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Fix a prime number $p$. I think the module I am working has a standard notation but I am using some notes that are not following any textbooks I know of. Let $J = \{ \frac{l}{p^m} + \mathbb{Z} : l \in \mathbb{Z} , m \in \mathbb{N} \}$ Let $M = H \times K$ where $H,K$ are canonically identified with submodules of $J$.

The problem I am working on has a couple parts and the first part is easy it just requires one to show the mapping $ \phi :M \rightarrow M$ given by $(x,y) \rightarrow (x,y+px)$ is a bijective homomorphism. The next part is where I start to get confused:

Set $H^* = \phi(H) $ how do we show that $H$ and $H^*$ are both direct factors of $M$ but $H \cap H^*$ is not a direct factor of $M$?

After trying a couple ideas I keep getting that $H \cap H^* = \{ (x,0) : x \in J \} $. I thought the way we show that $H$ and $H^*$ are direct factors are to show that $ M = H \oplus H^*$ but I am confused because we would need $H \cap H^* = 0$. Any advice would be greatly appreciated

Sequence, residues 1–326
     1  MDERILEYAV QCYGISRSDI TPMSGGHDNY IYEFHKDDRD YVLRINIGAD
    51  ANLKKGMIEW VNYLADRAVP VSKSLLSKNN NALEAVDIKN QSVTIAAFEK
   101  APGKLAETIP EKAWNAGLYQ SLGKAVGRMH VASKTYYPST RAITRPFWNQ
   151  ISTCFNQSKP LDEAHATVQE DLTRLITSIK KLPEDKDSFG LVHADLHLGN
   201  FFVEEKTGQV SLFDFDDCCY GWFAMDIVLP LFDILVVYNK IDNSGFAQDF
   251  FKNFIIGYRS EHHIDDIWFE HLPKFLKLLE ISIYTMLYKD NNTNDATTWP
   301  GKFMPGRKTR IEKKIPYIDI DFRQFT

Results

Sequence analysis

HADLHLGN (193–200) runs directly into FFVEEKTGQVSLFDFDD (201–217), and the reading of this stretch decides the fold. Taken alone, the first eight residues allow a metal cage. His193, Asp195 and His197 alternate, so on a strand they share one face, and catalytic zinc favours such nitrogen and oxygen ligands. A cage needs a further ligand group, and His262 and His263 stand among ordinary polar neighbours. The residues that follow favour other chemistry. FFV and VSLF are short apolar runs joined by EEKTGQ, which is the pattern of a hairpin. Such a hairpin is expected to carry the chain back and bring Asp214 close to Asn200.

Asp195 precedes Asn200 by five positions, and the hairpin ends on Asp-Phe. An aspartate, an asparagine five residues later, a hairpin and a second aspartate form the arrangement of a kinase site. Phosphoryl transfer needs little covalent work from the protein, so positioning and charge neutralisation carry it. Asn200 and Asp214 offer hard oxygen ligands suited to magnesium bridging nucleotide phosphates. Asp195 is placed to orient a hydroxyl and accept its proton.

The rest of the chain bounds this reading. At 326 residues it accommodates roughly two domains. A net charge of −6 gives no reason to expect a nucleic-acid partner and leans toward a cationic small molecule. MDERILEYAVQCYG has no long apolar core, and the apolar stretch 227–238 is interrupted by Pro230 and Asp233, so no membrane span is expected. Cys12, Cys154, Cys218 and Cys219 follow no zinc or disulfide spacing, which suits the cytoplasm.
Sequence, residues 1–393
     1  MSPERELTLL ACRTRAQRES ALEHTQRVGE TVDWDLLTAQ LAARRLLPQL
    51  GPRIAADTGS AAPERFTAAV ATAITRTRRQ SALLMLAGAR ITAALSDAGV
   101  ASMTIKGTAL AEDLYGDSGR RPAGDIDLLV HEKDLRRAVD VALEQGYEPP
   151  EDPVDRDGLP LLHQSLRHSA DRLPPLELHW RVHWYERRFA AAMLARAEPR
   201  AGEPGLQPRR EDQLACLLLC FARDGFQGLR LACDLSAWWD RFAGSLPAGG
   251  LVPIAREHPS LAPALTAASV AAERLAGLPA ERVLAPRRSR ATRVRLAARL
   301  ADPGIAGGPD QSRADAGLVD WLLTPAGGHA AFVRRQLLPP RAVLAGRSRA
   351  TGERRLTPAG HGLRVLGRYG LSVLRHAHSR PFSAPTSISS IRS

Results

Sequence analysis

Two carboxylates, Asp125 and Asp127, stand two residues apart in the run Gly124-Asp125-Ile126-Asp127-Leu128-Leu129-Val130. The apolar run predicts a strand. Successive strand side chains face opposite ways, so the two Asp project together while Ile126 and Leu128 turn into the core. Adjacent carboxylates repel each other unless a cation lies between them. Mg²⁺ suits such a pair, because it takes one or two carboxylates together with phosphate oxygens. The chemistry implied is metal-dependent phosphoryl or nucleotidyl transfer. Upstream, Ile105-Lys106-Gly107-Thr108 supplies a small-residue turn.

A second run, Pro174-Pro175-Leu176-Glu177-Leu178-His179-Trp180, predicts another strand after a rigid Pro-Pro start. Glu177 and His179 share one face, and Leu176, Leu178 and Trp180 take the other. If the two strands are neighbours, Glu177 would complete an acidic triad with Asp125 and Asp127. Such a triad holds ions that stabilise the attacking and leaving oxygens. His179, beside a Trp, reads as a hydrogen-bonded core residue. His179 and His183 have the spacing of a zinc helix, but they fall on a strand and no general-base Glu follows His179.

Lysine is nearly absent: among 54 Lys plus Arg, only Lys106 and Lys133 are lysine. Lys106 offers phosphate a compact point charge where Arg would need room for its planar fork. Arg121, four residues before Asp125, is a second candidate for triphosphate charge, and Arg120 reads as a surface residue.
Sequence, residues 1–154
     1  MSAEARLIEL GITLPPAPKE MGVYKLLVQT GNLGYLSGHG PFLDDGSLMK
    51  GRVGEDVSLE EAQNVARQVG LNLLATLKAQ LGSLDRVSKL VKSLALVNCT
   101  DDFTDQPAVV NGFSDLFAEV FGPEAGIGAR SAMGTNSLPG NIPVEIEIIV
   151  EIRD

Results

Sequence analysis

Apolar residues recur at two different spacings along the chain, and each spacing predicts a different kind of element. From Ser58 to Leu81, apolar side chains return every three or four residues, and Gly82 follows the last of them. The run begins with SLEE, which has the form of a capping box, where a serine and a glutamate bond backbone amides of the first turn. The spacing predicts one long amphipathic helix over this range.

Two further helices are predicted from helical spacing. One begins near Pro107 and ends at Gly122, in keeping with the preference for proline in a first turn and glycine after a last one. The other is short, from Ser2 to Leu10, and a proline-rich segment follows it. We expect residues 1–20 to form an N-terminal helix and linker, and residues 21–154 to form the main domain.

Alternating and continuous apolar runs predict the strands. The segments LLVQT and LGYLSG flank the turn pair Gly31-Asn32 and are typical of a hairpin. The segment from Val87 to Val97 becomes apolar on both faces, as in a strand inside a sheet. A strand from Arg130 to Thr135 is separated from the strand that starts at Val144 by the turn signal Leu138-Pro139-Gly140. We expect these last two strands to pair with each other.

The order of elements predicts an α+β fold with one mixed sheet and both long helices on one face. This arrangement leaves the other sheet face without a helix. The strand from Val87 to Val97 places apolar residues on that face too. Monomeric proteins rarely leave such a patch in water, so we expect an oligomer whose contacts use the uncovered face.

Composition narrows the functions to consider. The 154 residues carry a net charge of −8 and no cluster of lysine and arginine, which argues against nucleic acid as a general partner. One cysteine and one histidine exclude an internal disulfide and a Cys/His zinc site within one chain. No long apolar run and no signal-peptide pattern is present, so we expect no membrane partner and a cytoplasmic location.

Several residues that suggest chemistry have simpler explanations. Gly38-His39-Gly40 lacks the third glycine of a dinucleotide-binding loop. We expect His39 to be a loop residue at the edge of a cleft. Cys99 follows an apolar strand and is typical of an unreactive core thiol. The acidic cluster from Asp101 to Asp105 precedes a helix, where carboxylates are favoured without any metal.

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up vote 2 down vote accepted

Might as well collect the comments to a partial answer. The remaining details will depend on the details of the choice of $H$ and $K$.

The meaning of "$H$ is a direct factor of $M$" simply means that $M=H\times N$ for some other submodule $N$. Here we are given that $M=H\times K$. As $\phi$ is an automorphism of $M$, we see that also $M=\phi(H)\times\phi(K)$. This is hopefully not surprising: any element $(x,y)$ can be written as $$ (x,y)=(x,px)+(0,y-px), $$ where the first term is in $\phi(H)$ and the latter in $\phi(K)=K$. Furthermore, it is easy to show that $\phi(H)\cap\phi(K)=0$.

A probable cause of difficulty for you is that you seem to have a wrong idea about the intersection $H\cap \phi(H)$. Note that $H=\{(x,0)\mid x\in H\}$ when viewed as a subset of the (external) direct product. Therefore $H^*=\phi(H)=\{(x,px)\mid x\in H\}$. So for an element of $H$ to belong to the intersection $H\cap H^*$ it is necessary and sufficient that $px=0$. Therefore $$ H\cap H^*=\{x\in H\mid px=0\} $$ as a subset of $H$. The task at hand is to prove that $M$ cannot be written in the form $M=(H\cap H^*)\times N$ for any submodule $N$. I cannot tell for sure, but my guess is that you can locate an element $m\in M$ such that $pm\in H\cap H^*$, but $m\notin H\cap H^*$. It will be very difficult to write $m$ as a sum of something from $H\cap H^*$ and something from another submodule that intersects trivially with $H\cap H^*$. Hopefully this gets you started.

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